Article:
Using leeches means having “blood-sucking parasite[s] burrowing into [your] skin.” The big black worms may slime around your body: they can fall off and reattach themselves to you somewhere else. Or, once they are full to bursting with your blood, they will just fall off and get lost in your sheets. Welcome, bedmate.
So why put yourself through this? Leeches can be your best bet to help “reattach severed fingers [and] to treat potentially fatal circulation disorders.”
The reattachment thing works like this: say you cut off part of your finger. I know, we’re going from gross to grosser, but bear with me. When the doctor reattaches it, she can sew the arteries together because they are relatively large, but she can’t connect the veins because they are too small. (High school biology flashback: arteries are the ones that pump blood from the heart through the body, and veins take blood back to the heart.) If you have working arteries and no working veins, you have a finger that is full of blood with nowhere to go.
Leeches are more than happy to help with that. Pop one onto your fingertip and it will just hoover up that extra blood, bringing down the swelling and helping your newly reattached finger and its little veins heal.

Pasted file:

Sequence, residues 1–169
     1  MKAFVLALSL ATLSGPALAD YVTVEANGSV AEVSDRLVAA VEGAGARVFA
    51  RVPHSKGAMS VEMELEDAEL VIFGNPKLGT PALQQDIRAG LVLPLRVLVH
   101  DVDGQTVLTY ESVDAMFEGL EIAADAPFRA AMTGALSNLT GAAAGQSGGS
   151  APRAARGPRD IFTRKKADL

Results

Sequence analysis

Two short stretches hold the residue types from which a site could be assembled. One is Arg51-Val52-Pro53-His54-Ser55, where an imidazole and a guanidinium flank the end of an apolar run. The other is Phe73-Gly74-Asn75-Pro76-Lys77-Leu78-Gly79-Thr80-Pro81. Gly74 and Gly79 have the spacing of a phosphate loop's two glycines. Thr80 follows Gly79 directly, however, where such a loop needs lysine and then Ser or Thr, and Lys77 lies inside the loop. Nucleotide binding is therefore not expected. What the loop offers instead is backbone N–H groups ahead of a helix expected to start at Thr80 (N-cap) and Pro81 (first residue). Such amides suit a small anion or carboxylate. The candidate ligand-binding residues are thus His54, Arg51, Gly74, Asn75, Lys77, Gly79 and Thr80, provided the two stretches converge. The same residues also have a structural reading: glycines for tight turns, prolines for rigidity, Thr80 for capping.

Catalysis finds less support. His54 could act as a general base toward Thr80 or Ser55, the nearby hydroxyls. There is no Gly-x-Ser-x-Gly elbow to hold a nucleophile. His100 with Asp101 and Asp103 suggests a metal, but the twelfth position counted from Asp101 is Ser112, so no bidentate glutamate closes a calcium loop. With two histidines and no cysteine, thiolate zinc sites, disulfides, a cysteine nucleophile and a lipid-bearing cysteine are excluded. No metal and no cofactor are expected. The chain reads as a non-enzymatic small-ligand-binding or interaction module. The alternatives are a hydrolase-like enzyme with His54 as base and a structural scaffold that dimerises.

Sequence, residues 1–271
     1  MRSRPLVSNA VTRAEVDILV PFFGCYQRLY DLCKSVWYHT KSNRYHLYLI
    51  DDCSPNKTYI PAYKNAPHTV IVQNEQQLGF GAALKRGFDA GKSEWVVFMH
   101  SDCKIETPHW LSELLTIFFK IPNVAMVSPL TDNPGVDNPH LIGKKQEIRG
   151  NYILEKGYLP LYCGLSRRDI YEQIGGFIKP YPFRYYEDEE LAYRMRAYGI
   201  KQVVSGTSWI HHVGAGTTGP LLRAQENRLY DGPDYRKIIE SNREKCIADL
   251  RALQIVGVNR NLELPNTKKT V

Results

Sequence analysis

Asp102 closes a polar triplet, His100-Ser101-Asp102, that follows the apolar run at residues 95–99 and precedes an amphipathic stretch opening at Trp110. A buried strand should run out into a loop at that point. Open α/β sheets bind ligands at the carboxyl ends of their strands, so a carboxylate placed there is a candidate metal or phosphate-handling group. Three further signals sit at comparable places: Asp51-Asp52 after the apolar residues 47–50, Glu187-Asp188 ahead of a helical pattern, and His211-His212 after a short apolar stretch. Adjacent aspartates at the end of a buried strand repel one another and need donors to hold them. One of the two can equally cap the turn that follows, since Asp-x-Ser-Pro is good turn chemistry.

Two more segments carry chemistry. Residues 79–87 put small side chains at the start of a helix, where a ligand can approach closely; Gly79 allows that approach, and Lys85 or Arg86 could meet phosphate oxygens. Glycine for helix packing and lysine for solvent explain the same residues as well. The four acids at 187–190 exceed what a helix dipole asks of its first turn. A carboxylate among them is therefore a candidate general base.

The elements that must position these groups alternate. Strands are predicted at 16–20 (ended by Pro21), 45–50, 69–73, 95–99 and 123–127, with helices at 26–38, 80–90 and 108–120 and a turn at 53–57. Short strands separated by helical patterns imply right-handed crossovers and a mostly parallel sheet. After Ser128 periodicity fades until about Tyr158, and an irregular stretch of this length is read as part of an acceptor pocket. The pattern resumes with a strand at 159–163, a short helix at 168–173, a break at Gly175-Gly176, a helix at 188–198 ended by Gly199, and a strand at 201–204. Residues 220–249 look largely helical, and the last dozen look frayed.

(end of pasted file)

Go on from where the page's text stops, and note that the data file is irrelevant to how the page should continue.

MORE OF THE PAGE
Now what would medical worms be without secretions? Leeches’ prevent coagulation so you don’t get blood clots, and act as an anesthetic too. Plus they don’t take out too much blood, just a nice, steady, modest flow. Like any good parasite, if you help the leech, the leech will help you.
Sufferers of hemochromatosis, or iron overload, may also be candidates for the leech treatment. They essentially have too much blood. So think back on all the kooky things doctors used to do and take a guess how they treat people with too much blood. Yep, bloodletting. At least they don’t use it for every ailment anymore.
Studies indicate that leeches may also help sufferers of osteoarthritis of the knee or thumb. Those little suckers are really worming their way back into the medicine chest.
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